As the holidays approached, I did not initially have plans for Thanksgiving. Such is the life of being single and living across the country away from family. I could not travel because I was not sure if I had any time off except for that one day. A cook and food writer friend, known as the The Sassy Kitchen, soon to be Tasting My Way, invited me to her place for Thanksgiving dinner. I decided to bring an all-American lineup of wines from California, New York, Pennsylvania, and Washington. I selected wines for the duration: pre-dinner, appetizers, salad, dinner, and after dinner. All were special to me and hailed from producers I had recently visited and loved. I was a little nervous about the East Coast wines, since I live and work in Napa Valley, which is so California-centric. Furthermore, chelois is also a lesser-known hybrid grape and many people tend to shy away from such varieties. I still do not understand that perspective, but that is perhaps a topic for a future post.
When I was making my wine choices, I pulled the 2013 Chelois out of storage, which took me back to that day at Hudson-Chatham Winery. I had taken two photos of that wine, which were still on my phone. I remembered how much I enjoyed it and my visit and thought, “This is the one.” I know this sounds crazy, but I believe this wine chose me, too. It certainly seemed meant to be, as it was the wine of the evening, pairing perfectly with everything served during the main course, which included turkey, gravy, two kinds of stuffing, cranberry sauce, Brussels sprouts, au gratin potatoes, purple sweet potatoes, green beans, and carrots.
Chelois is an Albert Seibel hybrid, Seibel 10878, which is a cross of Seibel 5163 and 5593. According to the Hudson-Chatham winery website, its heritage is about 50% Vitis vinifera and includes Dattier, Aramon, Alicante Bouschet, Black Hamburg, Grenache, Piquepoul, and others. The grapes for this wine come from winemaker Steven Casscles’ own vineyards, Casscles Vineyards, in Athens, New York. I asked Carlo if he could shed light on the 2013 vintage. He shared with me the production process. The grapes were handpicked and the wine handmade from start to finish. The grapes were harvested at 22 brix. A 100-year-old press was used, and during pressing, Carlo said the juice tasted like fresh cherries. The wine was also unfiltered and unfined. It was then aged for 18 months in two-year-old French oak.
In the glass, the wine is a clear, pale, ruby red. On the nose and palate, it is beautiful, with delicate aromas and flavors that reflect its source. The Casscles Vineyards’ fruit and terroir reveal themselves as an exquisite interplay of earthiness and juicy, red berries, accompanied by a kiss of caramel from the gently used French cooperage. The combination of lower alcohol (12% ABV), soft tannins, and vibrant acidity is why this chelois complements a variety of foods. Its elegance and subtlety allowed the Thanksgiving fare to shine, which is really what you want in a wine and food pairing.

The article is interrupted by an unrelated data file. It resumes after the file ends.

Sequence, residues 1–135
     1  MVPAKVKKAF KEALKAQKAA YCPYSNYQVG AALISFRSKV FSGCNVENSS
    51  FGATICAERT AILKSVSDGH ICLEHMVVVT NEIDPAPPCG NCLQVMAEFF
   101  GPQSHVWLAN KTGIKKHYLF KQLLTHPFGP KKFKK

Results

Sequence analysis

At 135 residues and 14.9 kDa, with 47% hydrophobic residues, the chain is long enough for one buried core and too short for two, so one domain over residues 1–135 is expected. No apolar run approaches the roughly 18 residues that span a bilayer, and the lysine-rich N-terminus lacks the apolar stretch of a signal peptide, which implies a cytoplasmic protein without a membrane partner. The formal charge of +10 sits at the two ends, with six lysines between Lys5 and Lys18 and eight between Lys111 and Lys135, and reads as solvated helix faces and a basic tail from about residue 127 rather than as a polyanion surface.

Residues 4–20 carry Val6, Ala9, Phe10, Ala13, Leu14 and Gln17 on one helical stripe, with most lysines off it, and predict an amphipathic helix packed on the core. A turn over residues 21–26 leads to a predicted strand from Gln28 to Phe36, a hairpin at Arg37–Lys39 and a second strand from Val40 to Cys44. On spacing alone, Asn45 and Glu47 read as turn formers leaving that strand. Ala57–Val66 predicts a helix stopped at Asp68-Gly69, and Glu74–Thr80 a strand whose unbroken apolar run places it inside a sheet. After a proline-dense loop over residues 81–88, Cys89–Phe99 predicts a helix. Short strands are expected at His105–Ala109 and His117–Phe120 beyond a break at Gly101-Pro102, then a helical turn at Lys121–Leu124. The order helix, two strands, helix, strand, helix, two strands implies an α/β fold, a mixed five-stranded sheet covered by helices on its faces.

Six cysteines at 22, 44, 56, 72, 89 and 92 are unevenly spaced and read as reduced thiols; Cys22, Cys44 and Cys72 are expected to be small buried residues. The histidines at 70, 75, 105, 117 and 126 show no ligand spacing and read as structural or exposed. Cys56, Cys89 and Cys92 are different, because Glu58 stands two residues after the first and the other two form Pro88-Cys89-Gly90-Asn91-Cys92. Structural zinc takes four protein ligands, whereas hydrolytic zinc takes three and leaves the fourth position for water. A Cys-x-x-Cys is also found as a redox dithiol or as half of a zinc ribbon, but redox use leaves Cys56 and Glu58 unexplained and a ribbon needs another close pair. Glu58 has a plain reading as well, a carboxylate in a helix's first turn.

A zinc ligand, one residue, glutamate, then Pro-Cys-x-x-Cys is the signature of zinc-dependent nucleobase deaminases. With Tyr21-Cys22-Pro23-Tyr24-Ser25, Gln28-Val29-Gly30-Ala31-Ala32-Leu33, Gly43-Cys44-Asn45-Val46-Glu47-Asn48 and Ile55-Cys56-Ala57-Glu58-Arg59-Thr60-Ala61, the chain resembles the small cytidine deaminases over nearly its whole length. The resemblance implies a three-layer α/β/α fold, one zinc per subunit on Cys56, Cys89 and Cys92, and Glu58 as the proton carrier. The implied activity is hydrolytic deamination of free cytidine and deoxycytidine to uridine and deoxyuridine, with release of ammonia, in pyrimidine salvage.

During the course of the meal, none of us could stop raving about how well this wine worked. It was a dinner replete with oohs, ahs, and wows for both the chelois and the plentiful food. In fact, the deliriously great pairing caused me to exclaim, “Whoa!” in my best impression of The Drunken Cyclist. I was relieved and delighted that this seemingly unlikely wine from New York really was the one.
Chase down your passion like it’s the last bus of the night. ~ Terri Guillemets
When I finally confirmed my attendance at the 2015 Wine Bloggers’ Conference in the Finger Lakes, I realized that I should seize the opportunity to connect or reconnect with people and their brands that are rising or shining stars in the New York wine world. I love connecting with those who are not afraid to follow their passion. They possess a fearlessness and enthusiasm that catapults them into a fantastic journey of doing what they love.
I explored options. One winery had intrigued me for a while and that was Hudson-Chatham Winery in Ghent, New York, which is about 240 miles from Corning, the conference destination. I had connected with the co-owner, Carlo DeVito, via Facebook and had been following his journey for about eight months. All reviews I had read were positive.
Carlo DeVito exemplifies passion. He’s quite the Renaissance man – publisher, editor/writer, blogger, and vintner – so I wasn’t sure he would be available to host me. I reached out to him and asked if he would be there and he said yes. I created a travel itinerary that included visiting Hudson-Chatham first, then driving to the conference. I wondered if my extra effort and expense to go out of my way would be worth it. It was and then some. The day-long visit turned out to be one of my top wine and travel experiences to date. Carlo DeVito is everything he is appears to be online – friendly, welcoming, enthusiastic, and hard working – the consummate host. The wines? Outstanding. We spent the day tasting and touring at Hudson-Chatham’s two locations and sharing our respective stories while out and about in his aptly named X-Wing Fighter, a Sebring convertible with stories of its own to tell.